What do you think about cherry picking?

Shane Hathaway shane at hathawaymix.org
Thu Nov 29 22:48:52 MST 2007

Dave Smith wrote:
> My scenario is very similar to the one you describe, but backwards. I
> usually do a release, branch the code (in Subversion or CVS), and
> continue on with new development in the trunk, making only bug fixes
> (theoretically) in the branch. After branching, if a customer requests a
> change in the release, we fix it in the aforementioned release branch,
> which of course we usually want to merge into the trunk. For me the
> merge is almost always a manual process, except in the most trivial
> cases (which get more rare as the two code bases diverge over time).
> This seems like an extremely common scenario, and I've always been
> surprised at how hard it is to do. It ought to be trivial given the
> frequency of the task. Does your distributed source control system of
> choice make this easier?

Yes.  I've been doing this for a while with Mercurial.  Let's say I have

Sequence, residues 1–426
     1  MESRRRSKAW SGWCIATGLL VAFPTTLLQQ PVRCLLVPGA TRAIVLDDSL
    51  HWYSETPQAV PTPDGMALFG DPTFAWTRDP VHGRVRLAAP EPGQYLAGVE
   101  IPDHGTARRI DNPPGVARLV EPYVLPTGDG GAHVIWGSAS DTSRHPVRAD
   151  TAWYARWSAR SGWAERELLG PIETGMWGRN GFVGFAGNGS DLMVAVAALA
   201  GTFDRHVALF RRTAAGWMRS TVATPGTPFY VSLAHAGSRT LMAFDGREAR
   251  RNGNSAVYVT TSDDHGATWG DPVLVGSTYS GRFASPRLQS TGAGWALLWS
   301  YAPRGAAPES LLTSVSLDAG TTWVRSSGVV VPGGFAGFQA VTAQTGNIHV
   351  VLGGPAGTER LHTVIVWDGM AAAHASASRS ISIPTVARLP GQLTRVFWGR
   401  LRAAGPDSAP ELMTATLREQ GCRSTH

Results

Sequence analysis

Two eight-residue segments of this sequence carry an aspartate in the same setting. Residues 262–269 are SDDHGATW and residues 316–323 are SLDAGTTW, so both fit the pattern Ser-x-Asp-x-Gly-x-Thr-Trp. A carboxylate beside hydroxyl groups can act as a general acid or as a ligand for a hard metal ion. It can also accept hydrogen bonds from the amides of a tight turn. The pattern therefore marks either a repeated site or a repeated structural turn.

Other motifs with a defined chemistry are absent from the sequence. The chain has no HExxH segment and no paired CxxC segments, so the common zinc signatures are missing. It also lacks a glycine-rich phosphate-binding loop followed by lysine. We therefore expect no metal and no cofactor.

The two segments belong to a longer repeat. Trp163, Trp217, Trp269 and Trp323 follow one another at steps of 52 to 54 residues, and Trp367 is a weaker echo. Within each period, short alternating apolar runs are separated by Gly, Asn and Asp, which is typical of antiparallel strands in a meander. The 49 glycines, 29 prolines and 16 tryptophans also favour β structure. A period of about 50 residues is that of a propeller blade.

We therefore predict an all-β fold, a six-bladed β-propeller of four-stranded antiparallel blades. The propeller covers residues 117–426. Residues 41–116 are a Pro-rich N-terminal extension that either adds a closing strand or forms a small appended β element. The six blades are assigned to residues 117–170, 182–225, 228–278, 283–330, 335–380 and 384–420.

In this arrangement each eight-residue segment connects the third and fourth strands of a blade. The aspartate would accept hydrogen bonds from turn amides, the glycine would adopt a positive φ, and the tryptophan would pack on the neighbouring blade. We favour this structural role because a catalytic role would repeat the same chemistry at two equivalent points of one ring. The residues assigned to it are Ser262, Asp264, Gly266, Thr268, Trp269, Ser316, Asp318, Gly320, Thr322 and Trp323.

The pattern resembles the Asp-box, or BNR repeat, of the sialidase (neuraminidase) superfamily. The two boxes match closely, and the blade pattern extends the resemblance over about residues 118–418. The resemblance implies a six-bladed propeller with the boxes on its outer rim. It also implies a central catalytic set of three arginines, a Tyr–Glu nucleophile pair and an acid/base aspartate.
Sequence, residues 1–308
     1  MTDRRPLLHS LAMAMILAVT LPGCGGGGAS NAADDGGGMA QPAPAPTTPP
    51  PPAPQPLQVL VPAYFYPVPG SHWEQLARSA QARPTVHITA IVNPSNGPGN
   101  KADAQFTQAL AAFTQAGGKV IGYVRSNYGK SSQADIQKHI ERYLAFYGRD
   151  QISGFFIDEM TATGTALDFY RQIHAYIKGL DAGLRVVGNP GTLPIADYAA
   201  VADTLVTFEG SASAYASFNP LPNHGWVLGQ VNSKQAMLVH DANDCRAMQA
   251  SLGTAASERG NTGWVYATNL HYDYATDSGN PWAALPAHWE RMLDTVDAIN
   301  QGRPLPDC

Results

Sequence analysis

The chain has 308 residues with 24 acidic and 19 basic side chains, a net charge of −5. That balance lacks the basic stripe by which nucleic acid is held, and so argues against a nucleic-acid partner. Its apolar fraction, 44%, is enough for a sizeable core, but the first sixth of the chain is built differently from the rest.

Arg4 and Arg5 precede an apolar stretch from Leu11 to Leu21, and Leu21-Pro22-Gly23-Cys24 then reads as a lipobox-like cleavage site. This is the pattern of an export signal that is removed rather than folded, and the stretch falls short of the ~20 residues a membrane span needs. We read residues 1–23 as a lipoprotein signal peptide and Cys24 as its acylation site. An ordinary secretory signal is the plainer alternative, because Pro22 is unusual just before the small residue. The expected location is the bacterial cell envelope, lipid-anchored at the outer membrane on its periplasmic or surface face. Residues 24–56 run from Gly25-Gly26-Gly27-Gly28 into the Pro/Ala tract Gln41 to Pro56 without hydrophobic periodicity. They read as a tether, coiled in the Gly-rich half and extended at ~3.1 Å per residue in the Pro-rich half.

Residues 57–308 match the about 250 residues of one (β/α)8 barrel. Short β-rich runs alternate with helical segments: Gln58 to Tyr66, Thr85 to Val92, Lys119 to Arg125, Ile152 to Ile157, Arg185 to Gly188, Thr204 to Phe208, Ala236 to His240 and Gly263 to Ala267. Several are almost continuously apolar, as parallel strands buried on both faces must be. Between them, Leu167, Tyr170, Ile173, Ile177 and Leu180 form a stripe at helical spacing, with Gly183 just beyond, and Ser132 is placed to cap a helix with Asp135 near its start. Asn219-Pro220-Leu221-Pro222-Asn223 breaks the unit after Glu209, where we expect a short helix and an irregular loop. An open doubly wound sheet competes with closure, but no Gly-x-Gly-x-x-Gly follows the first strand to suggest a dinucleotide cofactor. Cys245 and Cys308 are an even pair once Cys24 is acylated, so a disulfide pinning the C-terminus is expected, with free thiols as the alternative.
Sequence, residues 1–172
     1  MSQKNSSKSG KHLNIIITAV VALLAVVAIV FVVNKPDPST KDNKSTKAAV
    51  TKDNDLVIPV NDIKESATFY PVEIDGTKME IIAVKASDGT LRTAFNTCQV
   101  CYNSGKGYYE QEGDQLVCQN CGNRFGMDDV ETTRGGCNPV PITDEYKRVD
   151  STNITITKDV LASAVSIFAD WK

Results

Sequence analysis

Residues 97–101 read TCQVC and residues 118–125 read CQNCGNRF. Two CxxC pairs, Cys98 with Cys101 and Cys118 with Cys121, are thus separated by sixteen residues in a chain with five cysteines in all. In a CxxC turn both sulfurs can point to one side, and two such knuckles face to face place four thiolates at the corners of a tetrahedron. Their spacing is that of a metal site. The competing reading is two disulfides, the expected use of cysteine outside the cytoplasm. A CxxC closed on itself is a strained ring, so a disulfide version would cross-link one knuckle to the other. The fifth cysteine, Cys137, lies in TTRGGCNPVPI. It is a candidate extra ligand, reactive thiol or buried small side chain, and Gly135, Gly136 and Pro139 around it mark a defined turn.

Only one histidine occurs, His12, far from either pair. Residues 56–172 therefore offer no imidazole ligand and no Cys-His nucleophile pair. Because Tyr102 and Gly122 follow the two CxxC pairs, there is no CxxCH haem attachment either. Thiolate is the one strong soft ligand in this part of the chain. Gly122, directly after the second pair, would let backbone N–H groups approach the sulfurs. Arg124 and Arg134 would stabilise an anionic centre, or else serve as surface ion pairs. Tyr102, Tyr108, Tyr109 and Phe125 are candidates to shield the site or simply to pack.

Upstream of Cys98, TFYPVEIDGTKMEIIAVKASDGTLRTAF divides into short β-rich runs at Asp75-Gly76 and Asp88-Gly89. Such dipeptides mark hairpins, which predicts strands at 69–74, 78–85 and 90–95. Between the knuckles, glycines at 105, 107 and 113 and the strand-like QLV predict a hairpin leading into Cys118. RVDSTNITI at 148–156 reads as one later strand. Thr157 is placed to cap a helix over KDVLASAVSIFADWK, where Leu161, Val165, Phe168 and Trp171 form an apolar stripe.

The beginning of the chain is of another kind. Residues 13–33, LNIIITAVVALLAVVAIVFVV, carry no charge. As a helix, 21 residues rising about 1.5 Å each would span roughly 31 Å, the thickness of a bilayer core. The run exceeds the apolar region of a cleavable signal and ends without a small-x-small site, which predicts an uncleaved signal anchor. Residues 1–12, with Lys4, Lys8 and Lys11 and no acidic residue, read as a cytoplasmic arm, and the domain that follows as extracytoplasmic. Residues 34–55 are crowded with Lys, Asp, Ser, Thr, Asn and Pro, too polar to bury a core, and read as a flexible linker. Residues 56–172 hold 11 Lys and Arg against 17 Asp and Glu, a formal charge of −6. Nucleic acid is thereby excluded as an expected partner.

my source code in ~/devel and no release branch yet.  When I am ready to
make a stable branch (~/stable), I use:

  hg clone ~/devel ~/stable

Now I have two code bases with a common heritage.  When I commit a
change to ~/stable and want to pull that change into ~/devel, I type:

  cd ~/devel
  hg pull -u ~/stable

This may involve a merge operation, but Mercurial generally makes the
merging smooth and painless unless the code diverges too much.
Furthermore, Mercurial records the list of revisions pulled in, so
subsequent merges will not attempt to reapply them.  I can happily
continue coding in both branches.

Note that I chose to make the change in ~/stable first, allowing me to
use Mercurial's standard merge mechanisms.  If I had chosen to make the
change in ~/devel first, I would have to cherry-pick, which is not
nearly as simple.

CVS makes this process hard and error prone.  Subversion probably isn't
as bad as CVS in this regard, but ever since I started using Mercurial,
I've had no desire to dig deeper into Subversion.  Mercurial gets more
done with fewer commands.  I've heard git is similar.


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